In an earlier blog post, I talked about teaching preschool math and gave information on the 13 math process skills preschoolers develop throughout their preschool years.
Math is something we use and see every day in the classroom. Children are passing out cups of tea in dramatic play (using 1-1 correspondence to be sure each person has on cup). They are building ramps in the block area (using classifying and counting skills as they build). As a preschool teacher, you have the opportunity to observe their play and, therefore, know where each of your children’s knowledge is regarding the 13 math process skills.
Once you know where each child’s knowledge is, it can help you to provide materials and activities to introduce them to other areas of math. How do you do this?
The most basic and simplest way works best! Create a chart! List of the children’s names in a column and list the math process skills across the top row. As you observe your children in play, check off the areas you see them using in everyday interactions. Once you’ve done this for all children (and you will be able to do this throughout one week if your children attend 5 days a week or in two weeks if your children attend 2-3 days a week), review your list.
Are there areas that all your children have mastered? Are there areas that none of your children use?
For example, all your children may be able to rationally count up to 5 items. You notice that once the number of items exceed 5 items, they are not counting rationally but are rote counting. (This would be when they count, for example, 8 blocks. They touch one block and say one number as they count the first 5 blocks.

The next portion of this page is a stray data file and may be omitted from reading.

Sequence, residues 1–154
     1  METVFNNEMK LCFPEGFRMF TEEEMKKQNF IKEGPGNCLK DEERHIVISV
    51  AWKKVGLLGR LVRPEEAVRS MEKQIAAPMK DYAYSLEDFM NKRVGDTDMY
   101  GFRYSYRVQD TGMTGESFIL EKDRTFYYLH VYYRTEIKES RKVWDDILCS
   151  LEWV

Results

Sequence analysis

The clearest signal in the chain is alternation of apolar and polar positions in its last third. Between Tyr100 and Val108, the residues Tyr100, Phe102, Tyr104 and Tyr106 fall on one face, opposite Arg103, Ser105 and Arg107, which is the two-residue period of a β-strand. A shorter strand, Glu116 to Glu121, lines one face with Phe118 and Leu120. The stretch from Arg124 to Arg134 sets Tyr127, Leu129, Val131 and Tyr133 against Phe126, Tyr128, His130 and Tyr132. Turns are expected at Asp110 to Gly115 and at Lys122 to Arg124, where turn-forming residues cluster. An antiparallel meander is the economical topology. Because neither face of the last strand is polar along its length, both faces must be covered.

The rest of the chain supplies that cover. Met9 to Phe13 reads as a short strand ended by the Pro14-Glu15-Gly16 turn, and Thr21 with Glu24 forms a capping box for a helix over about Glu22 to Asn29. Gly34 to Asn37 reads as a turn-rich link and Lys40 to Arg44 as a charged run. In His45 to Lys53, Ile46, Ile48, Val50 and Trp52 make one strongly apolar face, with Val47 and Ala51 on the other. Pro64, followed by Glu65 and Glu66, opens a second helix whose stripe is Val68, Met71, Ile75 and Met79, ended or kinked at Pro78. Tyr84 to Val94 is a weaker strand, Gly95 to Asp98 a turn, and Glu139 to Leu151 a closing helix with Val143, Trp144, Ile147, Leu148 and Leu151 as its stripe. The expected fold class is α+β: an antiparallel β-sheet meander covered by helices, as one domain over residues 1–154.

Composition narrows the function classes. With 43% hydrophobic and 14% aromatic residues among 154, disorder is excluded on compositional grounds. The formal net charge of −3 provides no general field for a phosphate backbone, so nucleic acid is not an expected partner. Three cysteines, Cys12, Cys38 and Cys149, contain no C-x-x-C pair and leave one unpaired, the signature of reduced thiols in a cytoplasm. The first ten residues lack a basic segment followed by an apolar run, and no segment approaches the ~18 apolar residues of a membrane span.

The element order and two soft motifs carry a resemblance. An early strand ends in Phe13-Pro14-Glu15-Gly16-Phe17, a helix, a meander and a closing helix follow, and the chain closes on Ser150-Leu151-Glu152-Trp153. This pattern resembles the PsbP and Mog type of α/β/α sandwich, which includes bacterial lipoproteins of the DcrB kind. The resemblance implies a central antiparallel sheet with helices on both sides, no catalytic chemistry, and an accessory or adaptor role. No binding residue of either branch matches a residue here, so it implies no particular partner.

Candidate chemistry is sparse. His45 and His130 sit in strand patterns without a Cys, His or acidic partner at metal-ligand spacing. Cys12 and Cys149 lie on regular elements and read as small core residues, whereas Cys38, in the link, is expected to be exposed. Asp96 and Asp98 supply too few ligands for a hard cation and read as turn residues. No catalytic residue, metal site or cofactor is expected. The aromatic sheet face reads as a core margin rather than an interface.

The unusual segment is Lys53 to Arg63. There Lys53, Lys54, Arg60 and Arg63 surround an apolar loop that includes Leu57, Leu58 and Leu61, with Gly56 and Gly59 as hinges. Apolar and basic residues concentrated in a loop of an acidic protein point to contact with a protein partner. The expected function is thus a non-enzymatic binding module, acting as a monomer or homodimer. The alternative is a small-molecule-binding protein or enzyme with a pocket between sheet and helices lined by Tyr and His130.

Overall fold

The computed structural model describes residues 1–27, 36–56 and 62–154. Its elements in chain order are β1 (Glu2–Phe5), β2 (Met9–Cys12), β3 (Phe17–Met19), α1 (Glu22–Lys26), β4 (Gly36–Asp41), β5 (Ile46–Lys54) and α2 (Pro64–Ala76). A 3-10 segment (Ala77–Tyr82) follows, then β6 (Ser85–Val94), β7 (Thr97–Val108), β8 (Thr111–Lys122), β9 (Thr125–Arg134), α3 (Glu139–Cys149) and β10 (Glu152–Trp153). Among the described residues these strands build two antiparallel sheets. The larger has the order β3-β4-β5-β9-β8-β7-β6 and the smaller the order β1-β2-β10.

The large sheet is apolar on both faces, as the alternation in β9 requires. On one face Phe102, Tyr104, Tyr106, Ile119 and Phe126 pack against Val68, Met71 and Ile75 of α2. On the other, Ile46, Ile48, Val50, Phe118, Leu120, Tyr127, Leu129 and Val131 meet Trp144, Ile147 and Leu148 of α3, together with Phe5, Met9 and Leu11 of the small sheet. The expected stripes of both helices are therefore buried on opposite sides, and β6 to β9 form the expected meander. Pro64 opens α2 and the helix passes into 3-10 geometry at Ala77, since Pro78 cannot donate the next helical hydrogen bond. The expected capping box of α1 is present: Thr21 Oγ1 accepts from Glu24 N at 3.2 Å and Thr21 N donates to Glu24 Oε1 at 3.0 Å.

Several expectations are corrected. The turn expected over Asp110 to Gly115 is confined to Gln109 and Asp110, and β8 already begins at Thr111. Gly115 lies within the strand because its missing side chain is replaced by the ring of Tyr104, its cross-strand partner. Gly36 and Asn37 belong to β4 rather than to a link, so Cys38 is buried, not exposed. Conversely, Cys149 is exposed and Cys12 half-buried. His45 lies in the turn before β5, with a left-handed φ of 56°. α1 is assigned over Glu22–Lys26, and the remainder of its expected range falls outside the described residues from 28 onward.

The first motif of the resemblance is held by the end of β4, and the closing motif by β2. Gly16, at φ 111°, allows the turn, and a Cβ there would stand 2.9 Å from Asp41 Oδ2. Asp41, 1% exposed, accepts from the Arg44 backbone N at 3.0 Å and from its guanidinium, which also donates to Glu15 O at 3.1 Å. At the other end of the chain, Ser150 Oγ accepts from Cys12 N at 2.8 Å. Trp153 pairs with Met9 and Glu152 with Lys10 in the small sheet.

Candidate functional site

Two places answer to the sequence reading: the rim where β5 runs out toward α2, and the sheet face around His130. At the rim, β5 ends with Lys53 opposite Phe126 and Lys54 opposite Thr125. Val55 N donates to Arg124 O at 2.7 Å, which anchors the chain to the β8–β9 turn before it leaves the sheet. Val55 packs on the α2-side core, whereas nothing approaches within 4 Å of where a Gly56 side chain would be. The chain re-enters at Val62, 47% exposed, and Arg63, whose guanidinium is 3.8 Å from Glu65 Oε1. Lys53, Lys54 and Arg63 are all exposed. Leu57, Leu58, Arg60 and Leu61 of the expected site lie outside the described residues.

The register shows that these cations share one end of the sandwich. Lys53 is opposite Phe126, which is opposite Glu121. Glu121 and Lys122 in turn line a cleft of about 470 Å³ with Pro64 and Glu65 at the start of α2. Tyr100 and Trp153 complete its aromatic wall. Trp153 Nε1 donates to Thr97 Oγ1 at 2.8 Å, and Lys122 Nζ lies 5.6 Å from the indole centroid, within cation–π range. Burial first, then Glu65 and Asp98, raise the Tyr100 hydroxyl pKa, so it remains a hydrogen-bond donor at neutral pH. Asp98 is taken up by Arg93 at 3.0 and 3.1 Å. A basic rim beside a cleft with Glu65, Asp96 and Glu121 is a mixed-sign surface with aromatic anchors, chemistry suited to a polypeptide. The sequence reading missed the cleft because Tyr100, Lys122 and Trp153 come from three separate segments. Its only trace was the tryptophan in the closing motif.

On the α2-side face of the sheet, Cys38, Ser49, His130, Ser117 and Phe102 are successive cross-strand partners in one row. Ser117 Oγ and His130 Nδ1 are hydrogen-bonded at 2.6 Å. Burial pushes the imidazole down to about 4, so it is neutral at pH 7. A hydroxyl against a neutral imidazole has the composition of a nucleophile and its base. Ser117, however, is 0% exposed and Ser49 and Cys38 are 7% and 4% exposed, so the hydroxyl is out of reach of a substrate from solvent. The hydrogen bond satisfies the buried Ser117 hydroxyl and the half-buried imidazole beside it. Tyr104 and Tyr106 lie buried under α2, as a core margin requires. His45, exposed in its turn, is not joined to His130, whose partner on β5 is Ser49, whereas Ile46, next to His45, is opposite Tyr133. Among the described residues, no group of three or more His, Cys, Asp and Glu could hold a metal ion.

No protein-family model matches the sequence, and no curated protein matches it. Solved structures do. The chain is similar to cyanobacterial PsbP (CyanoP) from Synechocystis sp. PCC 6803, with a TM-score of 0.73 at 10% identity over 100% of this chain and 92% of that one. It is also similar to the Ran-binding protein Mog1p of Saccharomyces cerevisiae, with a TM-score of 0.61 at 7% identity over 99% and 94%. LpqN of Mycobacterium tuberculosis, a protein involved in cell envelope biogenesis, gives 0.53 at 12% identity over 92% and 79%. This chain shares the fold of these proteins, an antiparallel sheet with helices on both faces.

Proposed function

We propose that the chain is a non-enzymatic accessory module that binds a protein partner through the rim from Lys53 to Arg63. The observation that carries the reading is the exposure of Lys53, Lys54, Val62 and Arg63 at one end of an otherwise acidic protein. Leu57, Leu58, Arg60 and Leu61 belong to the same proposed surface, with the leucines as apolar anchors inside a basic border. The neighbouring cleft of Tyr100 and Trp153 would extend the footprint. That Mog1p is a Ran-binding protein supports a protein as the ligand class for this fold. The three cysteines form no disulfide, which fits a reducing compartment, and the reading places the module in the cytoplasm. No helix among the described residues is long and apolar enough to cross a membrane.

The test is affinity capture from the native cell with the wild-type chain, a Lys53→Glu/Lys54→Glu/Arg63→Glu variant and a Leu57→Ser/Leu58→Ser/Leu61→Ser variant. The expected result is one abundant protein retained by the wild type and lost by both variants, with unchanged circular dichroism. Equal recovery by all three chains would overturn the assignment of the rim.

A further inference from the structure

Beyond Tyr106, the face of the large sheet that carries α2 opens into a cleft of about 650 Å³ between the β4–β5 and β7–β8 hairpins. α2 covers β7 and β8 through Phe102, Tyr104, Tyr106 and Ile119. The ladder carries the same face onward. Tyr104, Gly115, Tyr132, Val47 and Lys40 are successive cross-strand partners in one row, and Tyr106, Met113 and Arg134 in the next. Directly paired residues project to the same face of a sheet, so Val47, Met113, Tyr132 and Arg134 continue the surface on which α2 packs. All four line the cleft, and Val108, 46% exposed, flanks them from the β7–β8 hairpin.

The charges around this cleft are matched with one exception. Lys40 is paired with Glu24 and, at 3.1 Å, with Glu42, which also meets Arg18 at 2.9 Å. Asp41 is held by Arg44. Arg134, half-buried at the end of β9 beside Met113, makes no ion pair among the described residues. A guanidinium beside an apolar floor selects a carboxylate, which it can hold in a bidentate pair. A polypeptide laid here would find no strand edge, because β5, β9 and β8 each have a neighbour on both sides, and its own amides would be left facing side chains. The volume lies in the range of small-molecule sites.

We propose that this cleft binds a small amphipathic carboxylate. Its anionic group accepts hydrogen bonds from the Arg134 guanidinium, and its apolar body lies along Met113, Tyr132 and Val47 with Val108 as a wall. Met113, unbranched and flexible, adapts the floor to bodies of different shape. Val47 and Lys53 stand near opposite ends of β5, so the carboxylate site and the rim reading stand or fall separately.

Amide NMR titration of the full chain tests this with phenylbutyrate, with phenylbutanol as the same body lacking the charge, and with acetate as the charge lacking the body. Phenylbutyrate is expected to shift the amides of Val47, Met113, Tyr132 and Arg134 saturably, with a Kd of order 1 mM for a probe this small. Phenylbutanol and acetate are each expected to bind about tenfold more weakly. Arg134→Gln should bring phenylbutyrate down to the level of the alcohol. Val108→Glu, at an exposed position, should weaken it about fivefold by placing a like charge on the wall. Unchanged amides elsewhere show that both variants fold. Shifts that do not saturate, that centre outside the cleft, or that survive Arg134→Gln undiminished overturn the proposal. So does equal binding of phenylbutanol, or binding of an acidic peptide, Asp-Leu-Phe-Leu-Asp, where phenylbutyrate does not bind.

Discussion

Once they get to the 6th block, however, you notice them saying two numbers as they touch it. When they touch the 6th block they might say “6,7”. When they touch the 7th block, they say “8,9”. When they touch the 8th block they say “10,12”. What does this tell you?
It tells you that they can rote count to 10 (notice they skipped 11). It tells you they can rationally count items up to 5. This lets you know that you need to provide activities that will help them count more than 5 items rationally. You now have your math goals for your classroom for the next couple of weeks. As you plan activities for math, keep in mind that you want to extend their rational counting to 8 or 10. You can do this through fun, interactive Circle Time activities, during snack time, while cooking, etc.
Once you’ve worked on this skill for a few weeks, look back at your list. Which other math skills do your children not have? Now plan for those!
How you might ask? I have 2 resources for you. If you head over to my Teaching Preschool Math article here, you’ll see a link for a free download that has (and is named!) My Favorite 13 Preschool Math Activities. It has one math activity that you can do in your classroom for each of the main 13 math process skills.
If you are looking for some training on preschool math, you’ll want to check out my Math in the Preschool Classroom workshop. It is a self-study training that will help you to define each of the math process skills that preschoolers develop, learn how to assess your preschoolers’ skills, how to implement activities to support these skills and give you practice planning math activities for each interest learning center in your classroom (because math does not ONLY happen in a math interest enter!).